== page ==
William Somerset Maugham
William Somerset Maugham was a British writer of novels, short stories, and plays. He was orphaned as a child and raised by an uncle. He studied medicine and practiced as an obstetrician. Maugham worked as a secret agent during World War I and incorporated his professional experiences in his work. He traveled widely before settling permanently in France. His plays seem rather dated but his novels and especially his short stories remain fresh and appealing. Maugham's writing possesses an unusual economy and clarity while remaining dry, witty, and somewhat cynical. His stellar collections of short stories include "The Trembling of a Leaf" (1921), "First Person Singular" (1931), "Ashenden: or The British Agent" (1928), "Ah King" (1933), and "Quartet" (1948). Maugham's short stories are excellent read aloud.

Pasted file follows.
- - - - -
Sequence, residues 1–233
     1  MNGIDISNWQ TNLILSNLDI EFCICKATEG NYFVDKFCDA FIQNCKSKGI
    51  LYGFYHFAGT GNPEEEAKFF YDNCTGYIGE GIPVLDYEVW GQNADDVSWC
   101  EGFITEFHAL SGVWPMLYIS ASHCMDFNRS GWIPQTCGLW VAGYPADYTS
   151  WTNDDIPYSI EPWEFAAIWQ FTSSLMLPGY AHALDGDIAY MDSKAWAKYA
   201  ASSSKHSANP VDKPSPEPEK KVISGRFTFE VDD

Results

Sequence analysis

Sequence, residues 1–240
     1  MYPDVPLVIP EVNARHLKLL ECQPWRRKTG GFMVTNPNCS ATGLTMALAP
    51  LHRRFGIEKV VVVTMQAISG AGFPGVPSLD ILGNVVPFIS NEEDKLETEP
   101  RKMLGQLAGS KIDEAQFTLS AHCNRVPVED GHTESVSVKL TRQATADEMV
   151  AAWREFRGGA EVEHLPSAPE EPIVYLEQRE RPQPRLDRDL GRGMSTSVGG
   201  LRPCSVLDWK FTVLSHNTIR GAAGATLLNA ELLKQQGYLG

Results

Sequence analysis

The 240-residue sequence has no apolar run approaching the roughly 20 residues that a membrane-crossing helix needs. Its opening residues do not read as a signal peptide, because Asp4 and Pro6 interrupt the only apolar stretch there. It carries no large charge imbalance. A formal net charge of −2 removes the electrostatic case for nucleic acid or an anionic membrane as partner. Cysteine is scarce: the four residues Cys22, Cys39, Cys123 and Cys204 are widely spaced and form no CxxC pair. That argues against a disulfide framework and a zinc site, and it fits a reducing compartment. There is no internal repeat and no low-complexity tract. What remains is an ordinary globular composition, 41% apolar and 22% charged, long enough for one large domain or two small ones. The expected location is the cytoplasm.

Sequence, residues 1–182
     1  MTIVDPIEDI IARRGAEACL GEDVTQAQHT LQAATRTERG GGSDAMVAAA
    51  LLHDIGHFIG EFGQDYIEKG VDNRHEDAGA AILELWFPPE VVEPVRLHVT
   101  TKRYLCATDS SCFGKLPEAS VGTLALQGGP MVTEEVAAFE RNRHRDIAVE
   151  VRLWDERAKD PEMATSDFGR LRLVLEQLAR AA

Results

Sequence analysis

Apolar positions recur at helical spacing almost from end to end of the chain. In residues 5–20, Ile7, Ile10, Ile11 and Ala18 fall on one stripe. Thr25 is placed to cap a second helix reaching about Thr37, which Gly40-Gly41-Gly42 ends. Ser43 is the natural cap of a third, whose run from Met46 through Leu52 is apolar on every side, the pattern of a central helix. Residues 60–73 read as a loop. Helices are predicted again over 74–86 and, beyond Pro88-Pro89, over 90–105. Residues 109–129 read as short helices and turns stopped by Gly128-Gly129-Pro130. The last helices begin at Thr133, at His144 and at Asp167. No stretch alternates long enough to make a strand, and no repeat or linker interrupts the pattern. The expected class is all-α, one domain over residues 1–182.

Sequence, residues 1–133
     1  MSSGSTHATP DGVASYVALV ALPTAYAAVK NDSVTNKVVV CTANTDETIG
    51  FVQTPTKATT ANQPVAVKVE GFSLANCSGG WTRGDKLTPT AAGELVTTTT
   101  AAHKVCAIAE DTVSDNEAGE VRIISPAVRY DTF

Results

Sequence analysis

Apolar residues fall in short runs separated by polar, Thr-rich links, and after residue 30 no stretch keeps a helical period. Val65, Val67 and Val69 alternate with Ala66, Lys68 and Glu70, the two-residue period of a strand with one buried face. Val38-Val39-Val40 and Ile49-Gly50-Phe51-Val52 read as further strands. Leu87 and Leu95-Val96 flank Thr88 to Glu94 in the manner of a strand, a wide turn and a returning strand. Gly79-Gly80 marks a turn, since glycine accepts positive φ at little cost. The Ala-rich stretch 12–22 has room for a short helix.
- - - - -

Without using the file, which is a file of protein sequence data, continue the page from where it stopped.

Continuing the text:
"Of Human Bondage" (1915), his masterpiece, is about a young medical student. "The Moon and Sixpence" (1919) and "Cakes and Ale" (1930) are thought to be based on the lives of Paul Gauguin and Thomas Hardy, respectively. "The Razor's Edge" (1944) concerns a young American veteran searching for a new life.
His comedic satires, "The Circle" (1921) and "Our Betters" (1923), are still well worth reading.